Treating the common cold has never been simple and finding effective options has baffled scientists for centuries.
The common cold is caused, for the most part, by the rhinovirus. Getting infected by the Rhinovirus is as easy as one, two, three since common places of infection include home, school, and the workplace. Unfortunately, many attempts to inhibit the actions of the rhinovirus through the implementation of vaccination and antiviral drugs have been proven to be unsuccessful. The primary reason is that the rhinovirus returns in many forms that can rapidly mutate and thus increasing its ability to be resistant to drug treatments.
However, now researchers believe they can develop new ways to nobble the Rhinovirus which will especially advantageous to those individuals with conditions such as asthma and cystic fibrosis, where a simple cold is a threatening health risk. One of those ways includes producing a drug that will interact with one of the enzymatic molecule that can make it a challenge for the Rhinovirus to become drug-resistant.
Robert Soalri, a co-author of this study and a visiting professor at the National Heart and Lung Insitute from the Imperial College of London, explains that “Viruses hijack the host to make more copies of themselves. This enzyme is one of the host enzymes that the virus hijacks".
The researchers observed molecules that interact with a form of a human enzyme that attaches a fatty acid molecule on to proteins. They found that two of these observed molecules independently had little effect on the studied enzyme, but when these molecules were bounded together they developed a striking potency in inhibiting the enzyme from executing its own normal functions.
Solari believes this is an important biochemical observation because the virus needs the enzyme to assemble its own protein coat that encloses the virus's genetic material.
“What we found is if we block the addition of this fat, the coat doesn’t assemble so the virus doesn’t package its genes into its coat,” he said. “The virus still makes its own genes, it makes the coat, but the coat can’t assemble so the virus can’t replicate – you actually don’t make infectious particles.”
The observed molecules, when bounded create the compound of interest, is believed to completely block the ability of the virus to replicate, and remarkably regardless of when the compound was added whether it is an hour before, an hour after or around the same time as the cells are infected. Furthermore, the addition of the compound in treating infected cells remains effective for up to three hours after infection. This particular approach was studied to inhibit the replication of other viruses that are categorized under the same family as rhinovirus – including polio and foot-and-mouth disease (those that cause polio and foot-and-mouth disease).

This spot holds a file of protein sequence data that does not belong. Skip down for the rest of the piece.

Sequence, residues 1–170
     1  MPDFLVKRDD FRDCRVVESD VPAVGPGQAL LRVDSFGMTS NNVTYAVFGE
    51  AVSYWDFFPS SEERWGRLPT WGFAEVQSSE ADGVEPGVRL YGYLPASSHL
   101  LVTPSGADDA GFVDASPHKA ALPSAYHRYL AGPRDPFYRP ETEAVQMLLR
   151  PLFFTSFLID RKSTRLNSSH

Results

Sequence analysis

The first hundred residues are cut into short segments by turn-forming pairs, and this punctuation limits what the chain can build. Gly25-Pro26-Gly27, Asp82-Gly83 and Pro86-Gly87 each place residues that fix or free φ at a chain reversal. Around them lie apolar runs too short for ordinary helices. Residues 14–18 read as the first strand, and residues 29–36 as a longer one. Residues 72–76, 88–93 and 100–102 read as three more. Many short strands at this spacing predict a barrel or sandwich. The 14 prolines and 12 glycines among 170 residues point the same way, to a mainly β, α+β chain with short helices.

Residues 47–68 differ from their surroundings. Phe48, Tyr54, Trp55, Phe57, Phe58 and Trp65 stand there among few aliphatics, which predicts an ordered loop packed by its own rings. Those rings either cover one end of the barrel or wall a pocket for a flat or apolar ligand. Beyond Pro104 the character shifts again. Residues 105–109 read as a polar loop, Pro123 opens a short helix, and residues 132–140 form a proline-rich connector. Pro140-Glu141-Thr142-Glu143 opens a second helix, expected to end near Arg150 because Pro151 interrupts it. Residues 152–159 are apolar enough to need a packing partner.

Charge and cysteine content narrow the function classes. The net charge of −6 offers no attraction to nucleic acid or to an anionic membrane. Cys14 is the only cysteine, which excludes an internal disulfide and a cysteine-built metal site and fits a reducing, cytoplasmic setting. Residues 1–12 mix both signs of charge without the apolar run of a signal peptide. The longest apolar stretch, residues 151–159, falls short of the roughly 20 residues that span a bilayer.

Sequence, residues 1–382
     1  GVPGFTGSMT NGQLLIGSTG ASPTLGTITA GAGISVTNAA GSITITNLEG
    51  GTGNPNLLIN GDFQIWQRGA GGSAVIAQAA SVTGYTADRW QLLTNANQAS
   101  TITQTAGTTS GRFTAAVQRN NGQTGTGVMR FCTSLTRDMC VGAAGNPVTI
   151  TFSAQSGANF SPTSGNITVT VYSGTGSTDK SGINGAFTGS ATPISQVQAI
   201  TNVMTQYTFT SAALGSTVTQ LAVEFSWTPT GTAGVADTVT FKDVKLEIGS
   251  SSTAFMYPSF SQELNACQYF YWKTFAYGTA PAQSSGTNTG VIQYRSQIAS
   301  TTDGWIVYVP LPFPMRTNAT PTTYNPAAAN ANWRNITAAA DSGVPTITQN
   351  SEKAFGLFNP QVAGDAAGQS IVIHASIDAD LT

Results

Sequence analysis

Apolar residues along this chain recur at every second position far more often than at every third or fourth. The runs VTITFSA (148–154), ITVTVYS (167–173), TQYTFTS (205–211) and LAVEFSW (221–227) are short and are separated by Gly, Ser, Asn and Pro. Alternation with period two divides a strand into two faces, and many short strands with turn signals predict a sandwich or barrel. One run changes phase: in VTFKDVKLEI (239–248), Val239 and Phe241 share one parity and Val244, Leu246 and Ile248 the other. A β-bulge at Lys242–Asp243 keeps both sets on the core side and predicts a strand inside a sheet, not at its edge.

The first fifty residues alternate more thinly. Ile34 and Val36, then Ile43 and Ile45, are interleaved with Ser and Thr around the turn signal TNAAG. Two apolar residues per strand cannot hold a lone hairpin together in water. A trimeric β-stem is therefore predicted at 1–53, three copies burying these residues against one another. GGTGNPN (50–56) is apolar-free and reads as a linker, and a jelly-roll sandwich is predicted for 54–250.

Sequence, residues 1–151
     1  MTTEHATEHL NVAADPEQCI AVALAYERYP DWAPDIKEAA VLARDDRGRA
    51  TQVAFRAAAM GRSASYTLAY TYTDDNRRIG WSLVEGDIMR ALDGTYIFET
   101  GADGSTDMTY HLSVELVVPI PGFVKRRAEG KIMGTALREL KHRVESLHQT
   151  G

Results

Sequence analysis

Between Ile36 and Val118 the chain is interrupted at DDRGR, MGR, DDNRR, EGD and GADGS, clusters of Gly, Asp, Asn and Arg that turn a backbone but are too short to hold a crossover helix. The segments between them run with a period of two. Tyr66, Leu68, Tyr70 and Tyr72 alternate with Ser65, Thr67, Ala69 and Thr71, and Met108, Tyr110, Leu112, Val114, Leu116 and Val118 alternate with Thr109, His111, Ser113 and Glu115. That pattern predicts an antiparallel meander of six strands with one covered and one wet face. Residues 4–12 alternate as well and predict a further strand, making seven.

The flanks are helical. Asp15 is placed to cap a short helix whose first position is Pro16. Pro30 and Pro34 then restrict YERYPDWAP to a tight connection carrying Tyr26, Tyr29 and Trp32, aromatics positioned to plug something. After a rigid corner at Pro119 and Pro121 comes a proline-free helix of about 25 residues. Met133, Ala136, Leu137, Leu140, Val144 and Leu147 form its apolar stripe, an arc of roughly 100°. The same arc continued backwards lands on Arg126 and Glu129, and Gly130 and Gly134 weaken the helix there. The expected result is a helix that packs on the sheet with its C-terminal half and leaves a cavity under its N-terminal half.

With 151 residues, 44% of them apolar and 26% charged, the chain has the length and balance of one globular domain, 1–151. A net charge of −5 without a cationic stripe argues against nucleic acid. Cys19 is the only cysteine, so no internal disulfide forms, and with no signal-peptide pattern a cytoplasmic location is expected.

Although the compound developed by investigators is successful in treating the common cold, Solari believes there is still a long journey for a cure as the drug will need to undergo many steps beyond the testing of human cells grown on a petri dish. These steps include revolutionizing its development and optimizing the drug's efficacy before its official use as a medicine.
“We haven’t done any animal studies, and we obviously haven’t done any studies in humans, so I can’t tell you formally what the animal toxicity of this compound is,” explains. Additionally, it is unclear on how this particular approach may work by the time symptoms of the common cold appear, which on average are a few days after infection.
“There is a still a long way before this becomes a medicine."
Even if the compound succeeds in passing clinical trials for the common cold, its development will most likely be restricted to only those with respiratory complications such as chronic obstructive pulmonary disease (COPD), asthma, and cystic fibrosis.
“Rhinovirus, the common cold virus, in healthy people is pretty trivial – you have the runny nose, you have a bit of a temperature, you don’t feel well for two or three days, but you get over it,” states Solari.
Sources: Nature Chemistry, The Guardian